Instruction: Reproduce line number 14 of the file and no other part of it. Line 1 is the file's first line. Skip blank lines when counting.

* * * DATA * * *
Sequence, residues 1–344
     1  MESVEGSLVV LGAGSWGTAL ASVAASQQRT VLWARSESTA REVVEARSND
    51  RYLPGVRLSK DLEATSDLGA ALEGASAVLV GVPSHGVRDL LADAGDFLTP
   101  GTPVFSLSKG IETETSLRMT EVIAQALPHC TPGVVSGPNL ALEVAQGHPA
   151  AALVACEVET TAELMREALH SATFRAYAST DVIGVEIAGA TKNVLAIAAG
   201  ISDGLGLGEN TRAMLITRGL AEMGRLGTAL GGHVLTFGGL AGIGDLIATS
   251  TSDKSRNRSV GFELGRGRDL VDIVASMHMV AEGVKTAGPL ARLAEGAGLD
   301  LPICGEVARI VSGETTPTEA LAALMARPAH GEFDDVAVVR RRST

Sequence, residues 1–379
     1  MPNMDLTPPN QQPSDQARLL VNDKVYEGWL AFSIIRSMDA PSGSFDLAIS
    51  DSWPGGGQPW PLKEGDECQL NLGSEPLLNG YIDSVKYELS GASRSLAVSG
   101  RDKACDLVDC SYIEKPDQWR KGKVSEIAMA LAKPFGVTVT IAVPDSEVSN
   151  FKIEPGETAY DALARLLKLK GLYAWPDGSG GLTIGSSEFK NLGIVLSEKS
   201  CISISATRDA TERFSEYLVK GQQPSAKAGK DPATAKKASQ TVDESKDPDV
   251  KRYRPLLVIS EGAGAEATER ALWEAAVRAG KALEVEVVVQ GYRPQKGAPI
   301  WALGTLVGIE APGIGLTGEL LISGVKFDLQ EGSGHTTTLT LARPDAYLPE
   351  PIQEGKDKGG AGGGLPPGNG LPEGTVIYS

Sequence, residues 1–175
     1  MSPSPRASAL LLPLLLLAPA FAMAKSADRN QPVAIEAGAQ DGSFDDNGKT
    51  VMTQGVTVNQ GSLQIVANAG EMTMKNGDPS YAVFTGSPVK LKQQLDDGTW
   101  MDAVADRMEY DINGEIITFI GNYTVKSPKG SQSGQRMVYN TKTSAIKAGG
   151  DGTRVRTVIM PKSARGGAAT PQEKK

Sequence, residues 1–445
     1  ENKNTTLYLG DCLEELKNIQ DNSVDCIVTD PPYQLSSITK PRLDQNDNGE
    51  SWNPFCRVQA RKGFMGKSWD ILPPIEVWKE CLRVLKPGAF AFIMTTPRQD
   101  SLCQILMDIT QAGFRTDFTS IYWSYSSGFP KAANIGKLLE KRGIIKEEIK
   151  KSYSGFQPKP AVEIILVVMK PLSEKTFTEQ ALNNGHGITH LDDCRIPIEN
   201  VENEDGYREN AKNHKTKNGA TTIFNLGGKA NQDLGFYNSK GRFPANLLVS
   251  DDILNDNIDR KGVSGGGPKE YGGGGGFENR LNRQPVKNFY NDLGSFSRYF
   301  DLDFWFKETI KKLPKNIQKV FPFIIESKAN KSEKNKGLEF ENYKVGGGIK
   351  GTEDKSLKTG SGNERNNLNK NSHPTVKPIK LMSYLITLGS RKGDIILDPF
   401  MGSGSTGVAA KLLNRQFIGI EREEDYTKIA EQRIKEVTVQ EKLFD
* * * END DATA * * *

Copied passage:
   201  CISISATRDA TERFSEYLVK GQQPSAKAGK DPATAKKASQ TVDESKDPDV